If you use 30 degree, then projectile will land too soon comparing to 45 deg., which aka. less distance. You can also confirm the answer by setup a right triangle, and figure out what angles make the longest hypotenuse.
 

dingyibvs

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This is actually a question from EK physics exam 1, question 6.
Since cos(30)=0.86 is greater than cos(45)=0.71, why would 45 give a further distance than 30?

thx
Here's the explanation in a nutshell:

Distance traveled = velocity x time

A low angle(e.g. cos(30)) would give you a high velocity, but it would give you a small value for time since the time a projectile spends in the air is related to the sine of the angle(e.g. sin(30))

A high angle would give you a high value for time(e.g. sin(60)), but it would give you a small velocity since the velocity of a projectile is related to the cosine of the angle(e.g. cos(60)).

The magical mix, where velocity x time is maximum, occurs at 45 degrees, when cosine = sine.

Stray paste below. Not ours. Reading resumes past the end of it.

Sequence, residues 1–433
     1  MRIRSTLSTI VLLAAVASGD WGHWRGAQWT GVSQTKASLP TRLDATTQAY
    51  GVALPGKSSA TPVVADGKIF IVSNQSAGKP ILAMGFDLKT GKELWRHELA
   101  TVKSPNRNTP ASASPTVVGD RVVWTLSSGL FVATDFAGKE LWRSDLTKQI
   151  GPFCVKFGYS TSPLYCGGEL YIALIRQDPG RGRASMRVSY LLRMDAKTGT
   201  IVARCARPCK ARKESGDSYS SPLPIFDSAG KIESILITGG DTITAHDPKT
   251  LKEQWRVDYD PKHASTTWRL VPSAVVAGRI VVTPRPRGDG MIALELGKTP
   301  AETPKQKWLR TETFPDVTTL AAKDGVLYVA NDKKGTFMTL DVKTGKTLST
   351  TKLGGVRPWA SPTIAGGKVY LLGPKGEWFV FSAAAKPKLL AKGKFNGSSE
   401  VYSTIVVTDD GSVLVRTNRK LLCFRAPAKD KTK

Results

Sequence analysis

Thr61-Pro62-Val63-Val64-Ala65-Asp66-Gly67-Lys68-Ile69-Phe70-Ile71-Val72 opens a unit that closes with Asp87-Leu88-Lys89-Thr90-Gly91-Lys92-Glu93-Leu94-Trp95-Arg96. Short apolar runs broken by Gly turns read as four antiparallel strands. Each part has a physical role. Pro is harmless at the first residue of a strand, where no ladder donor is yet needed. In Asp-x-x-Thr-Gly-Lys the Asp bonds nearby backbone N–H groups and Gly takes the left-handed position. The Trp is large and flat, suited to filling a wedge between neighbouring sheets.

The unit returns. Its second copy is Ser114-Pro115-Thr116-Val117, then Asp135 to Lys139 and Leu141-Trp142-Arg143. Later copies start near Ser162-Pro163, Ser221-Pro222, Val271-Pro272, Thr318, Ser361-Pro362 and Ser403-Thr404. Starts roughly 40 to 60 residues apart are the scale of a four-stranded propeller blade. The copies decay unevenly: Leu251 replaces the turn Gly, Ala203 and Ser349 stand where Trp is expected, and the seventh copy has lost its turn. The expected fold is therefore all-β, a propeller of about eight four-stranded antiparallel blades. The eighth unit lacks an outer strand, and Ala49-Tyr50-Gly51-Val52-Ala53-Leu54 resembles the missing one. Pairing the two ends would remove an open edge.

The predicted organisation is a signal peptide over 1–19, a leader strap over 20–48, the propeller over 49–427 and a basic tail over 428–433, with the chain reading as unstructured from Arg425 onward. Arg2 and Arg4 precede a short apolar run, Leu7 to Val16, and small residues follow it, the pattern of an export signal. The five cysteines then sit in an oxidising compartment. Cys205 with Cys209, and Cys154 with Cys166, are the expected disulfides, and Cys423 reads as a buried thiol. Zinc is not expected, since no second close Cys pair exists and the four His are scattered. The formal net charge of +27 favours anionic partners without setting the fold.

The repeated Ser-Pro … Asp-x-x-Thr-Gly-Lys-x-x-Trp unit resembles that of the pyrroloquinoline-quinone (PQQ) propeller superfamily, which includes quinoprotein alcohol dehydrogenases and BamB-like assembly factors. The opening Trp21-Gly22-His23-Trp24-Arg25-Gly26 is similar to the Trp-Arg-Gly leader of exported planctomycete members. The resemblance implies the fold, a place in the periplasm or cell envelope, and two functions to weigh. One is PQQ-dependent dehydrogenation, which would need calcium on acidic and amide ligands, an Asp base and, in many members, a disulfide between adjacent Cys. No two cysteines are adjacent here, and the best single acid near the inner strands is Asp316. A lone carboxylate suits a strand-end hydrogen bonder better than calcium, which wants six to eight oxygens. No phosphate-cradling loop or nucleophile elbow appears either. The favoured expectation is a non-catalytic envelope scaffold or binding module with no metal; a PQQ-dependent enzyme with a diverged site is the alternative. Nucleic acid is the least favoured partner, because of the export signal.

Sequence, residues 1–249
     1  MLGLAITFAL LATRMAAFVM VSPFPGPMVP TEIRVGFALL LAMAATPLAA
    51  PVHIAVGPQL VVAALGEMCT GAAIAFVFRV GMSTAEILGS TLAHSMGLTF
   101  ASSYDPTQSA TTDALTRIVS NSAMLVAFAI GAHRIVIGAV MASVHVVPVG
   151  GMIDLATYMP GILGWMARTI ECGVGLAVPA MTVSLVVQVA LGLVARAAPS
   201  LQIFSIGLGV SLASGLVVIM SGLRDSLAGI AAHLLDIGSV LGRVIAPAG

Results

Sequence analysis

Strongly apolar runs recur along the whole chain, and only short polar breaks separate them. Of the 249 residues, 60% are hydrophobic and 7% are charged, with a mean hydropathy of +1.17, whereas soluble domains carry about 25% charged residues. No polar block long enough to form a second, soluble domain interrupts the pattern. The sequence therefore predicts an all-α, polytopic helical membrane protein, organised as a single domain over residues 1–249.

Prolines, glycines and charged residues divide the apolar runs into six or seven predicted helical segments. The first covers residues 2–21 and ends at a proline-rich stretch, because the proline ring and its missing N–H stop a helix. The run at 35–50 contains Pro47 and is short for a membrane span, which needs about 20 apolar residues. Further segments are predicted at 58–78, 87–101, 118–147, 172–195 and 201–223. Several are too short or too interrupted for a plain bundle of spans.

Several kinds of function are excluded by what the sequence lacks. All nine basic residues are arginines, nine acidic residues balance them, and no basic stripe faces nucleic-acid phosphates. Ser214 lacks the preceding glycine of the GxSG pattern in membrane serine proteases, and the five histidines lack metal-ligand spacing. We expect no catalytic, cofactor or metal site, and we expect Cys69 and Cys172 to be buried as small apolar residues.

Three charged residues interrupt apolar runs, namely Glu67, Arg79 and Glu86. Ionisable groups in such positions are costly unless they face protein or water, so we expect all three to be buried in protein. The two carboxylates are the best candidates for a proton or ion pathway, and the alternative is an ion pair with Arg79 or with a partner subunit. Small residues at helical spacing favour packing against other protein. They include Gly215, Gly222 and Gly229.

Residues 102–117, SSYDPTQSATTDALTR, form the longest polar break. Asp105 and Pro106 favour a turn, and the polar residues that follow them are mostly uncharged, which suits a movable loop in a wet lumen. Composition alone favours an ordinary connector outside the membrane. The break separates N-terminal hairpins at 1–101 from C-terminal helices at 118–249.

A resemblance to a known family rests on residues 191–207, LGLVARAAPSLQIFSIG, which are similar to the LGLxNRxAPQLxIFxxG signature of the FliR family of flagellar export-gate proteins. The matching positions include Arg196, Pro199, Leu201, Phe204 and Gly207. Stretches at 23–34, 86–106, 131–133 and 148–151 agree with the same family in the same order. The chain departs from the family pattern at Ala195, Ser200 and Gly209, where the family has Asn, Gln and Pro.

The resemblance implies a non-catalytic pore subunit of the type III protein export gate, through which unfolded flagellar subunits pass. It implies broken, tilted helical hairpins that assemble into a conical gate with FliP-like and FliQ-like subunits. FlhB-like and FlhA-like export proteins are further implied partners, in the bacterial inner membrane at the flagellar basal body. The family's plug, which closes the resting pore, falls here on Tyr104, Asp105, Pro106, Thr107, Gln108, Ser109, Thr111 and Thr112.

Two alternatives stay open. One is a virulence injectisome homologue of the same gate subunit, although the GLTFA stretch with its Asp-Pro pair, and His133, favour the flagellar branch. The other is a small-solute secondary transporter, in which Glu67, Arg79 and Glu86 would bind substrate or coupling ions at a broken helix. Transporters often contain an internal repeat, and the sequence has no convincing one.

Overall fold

This is a similar train of thought as why a square will have a larger area than a rectangle with an identical perimeter, or why 5x5 > 4x6 > 3x7 > 2x8....etc.
 

htbruin

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increasing the angle will increase the time and vertical displacement of the projectile motion as these components depend on sine.

horizontal displacement depends on both sine and cosine. thus, at 45 degrees you get the optimal angle for maximum horizontal displacement.

for visual learners: http://www.physicsclassroom.com/mmedia/vectors/mr.cfm
 

alexandertg6

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i hate physics. but as everyone said ahead of me just simplified, keep in mind that velocities of objects in the x and y directions independently of each other and 45 degrees gives you the best ratio of velocity in y direction (important for keeping the ball, bullet, cannonball, kitten with cancer etc in flight for a longer length of time) to velocity in the X direction resulting in the furthest distance traveled.
 

addo

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I agree, it is about a optimal combination of vertical and horizontal velocities.
The higher it goes, the longer it takes for it to fall to the ground, but the more velocity you give it in the vertical direction, the less velocity it has to go horizontally.
Horizontal velocity stays constant through the trajectory (ignoring air resistance), but the acceleration downwards (gravity) pulls the object down, and once it hits the ground, it obviously aint going anywhere.